Effects of aluminum on brain lipid peroxidation

  • Fraga C
  • Oteiza P
  • Golub M
 et al. 
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Abstract

Excessive dietary aluminum (Al) has been proposed to be a factor contributing to several neurological disorders in humans. Six 8-week-old female Swiss Webster mice were fed for 10 weeks purified diets containing 100 (control, 100 Al), 500 (500 Al) or 1000 (1000 Al) μg Al/g diet. Brain and liver lipid peroxidation was determined by evaluating the production of 2-thiobarbituric acid reactive substances (TBARS) in brain and liver homogenates in the presence or absence of 50 μM ferrous iron. TBARS production in the absence of iron in brain homogenates from mice fed the 1000 Al diet was higher (30%) than that in the 100 Al control group (3.1 vs. 2.4 nmol TBARS/mg protein). The addition of ferrous iron increased TBARS production in brain homogenates from all 3 dietary groups. The iron-induced TBARS production was 26% higher in the 1000 Al brain homogenates than in the 100 Al group (4.9 vs. 3.9 nmol TBARS/mg protein). Brain TBARS production in the presence and absence of iron was similar between the 100 and 500 Al groups. TBARS production in liver homogenates measured either with or without iron was similar for the 3 groups. These results show that, in mice, dietary Al intoxication leads to increased brain TBARS production, suggesting that enhanced lipid peroxidation may be one possible mechanism underlying the neurological damage associated with increased tissue Al. © 1990.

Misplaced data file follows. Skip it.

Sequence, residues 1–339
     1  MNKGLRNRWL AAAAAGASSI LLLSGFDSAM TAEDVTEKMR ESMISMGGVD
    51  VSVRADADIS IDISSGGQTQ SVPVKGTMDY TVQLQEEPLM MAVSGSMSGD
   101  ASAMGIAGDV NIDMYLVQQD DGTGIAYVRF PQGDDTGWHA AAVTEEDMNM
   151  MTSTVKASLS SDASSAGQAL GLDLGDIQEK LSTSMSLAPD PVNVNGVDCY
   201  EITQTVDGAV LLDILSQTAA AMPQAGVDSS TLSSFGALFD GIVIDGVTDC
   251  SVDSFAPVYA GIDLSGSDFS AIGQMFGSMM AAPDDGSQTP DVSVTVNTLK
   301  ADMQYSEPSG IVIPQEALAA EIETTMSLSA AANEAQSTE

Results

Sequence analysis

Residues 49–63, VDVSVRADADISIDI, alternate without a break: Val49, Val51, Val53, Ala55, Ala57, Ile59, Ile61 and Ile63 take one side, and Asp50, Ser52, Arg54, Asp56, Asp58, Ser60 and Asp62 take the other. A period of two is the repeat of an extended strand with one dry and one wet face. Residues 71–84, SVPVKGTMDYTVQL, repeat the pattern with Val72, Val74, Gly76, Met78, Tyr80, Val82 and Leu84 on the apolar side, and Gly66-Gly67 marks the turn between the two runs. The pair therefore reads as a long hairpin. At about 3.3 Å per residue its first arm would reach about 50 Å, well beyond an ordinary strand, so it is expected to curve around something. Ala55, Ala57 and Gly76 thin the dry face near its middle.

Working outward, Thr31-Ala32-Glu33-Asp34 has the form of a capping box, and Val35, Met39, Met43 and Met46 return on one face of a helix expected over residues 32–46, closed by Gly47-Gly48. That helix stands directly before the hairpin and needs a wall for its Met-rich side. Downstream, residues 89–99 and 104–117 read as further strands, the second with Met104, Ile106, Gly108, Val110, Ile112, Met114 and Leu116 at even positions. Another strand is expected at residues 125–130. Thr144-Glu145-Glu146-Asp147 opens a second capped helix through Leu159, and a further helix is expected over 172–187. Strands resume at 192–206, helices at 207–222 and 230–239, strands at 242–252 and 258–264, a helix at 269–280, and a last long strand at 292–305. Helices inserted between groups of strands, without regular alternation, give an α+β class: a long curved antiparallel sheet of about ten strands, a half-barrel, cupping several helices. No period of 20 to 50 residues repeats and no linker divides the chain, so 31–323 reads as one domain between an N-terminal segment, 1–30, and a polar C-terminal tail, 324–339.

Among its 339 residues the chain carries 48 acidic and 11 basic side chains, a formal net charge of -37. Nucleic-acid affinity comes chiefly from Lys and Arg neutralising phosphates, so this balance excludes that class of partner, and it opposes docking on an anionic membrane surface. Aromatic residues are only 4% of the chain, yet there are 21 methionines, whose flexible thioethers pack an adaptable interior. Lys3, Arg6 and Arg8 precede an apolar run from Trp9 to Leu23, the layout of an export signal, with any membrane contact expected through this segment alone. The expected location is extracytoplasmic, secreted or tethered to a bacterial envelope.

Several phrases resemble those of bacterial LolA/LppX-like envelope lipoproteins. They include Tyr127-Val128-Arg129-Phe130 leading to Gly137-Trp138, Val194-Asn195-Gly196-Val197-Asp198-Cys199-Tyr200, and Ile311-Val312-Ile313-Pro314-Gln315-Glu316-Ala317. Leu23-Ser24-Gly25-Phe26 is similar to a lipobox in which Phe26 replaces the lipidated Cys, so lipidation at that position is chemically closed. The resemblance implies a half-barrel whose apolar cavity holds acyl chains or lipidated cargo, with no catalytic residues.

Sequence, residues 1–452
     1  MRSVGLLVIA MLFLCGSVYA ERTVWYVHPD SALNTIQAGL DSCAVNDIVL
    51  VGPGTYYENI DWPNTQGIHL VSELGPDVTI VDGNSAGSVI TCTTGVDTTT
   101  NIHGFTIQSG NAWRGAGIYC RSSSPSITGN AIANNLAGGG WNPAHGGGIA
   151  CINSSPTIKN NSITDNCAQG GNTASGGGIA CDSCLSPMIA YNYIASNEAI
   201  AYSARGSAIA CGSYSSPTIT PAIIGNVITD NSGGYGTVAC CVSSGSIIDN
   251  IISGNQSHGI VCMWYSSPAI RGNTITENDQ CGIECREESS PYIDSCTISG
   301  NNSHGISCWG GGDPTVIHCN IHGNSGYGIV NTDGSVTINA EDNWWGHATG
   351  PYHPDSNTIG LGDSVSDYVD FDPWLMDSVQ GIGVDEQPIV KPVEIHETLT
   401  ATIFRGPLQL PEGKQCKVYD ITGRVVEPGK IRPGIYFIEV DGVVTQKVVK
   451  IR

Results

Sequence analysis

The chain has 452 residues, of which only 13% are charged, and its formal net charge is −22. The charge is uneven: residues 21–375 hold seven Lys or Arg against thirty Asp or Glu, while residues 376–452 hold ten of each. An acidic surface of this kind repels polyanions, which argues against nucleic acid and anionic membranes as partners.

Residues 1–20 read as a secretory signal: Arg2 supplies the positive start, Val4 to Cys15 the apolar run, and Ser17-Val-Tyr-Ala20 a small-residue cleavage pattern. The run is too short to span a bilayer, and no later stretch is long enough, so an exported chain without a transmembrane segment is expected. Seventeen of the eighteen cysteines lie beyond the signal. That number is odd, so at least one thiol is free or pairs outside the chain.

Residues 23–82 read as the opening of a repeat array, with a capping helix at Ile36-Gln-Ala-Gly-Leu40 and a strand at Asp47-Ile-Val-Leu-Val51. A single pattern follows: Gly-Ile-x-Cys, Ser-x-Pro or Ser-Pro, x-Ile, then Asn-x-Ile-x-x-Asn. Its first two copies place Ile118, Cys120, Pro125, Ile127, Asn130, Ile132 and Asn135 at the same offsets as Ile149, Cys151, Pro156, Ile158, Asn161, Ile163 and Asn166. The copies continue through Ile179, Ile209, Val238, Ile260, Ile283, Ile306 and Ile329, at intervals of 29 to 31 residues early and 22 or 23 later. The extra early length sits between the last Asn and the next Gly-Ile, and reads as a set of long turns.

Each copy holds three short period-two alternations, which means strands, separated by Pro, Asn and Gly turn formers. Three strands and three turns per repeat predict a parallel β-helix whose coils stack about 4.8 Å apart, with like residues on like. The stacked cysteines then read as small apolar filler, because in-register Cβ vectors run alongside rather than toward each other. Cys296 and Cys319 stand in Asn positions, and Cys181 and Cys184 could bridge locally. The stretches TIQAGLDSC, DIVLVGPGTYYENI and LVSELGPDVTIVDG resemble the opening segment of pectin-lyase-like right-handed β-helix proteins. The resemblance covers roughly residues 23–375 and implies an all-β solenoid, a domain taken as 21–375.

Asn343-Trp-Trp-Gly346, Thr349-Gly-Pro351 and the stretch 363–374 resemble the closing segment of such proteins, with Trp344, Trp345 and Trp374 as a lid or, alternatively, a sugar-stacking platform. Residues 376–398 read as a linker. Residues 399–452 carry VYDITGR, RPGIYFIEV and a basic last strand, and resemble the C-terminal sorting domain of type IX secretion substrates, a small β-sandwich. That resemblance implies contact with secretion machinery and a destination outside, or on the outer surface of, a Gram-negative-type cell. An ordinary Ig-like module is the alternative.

Author-supplied keywords

  • Aluminum toxicity
  • Brain
  • Lipid peroxidation

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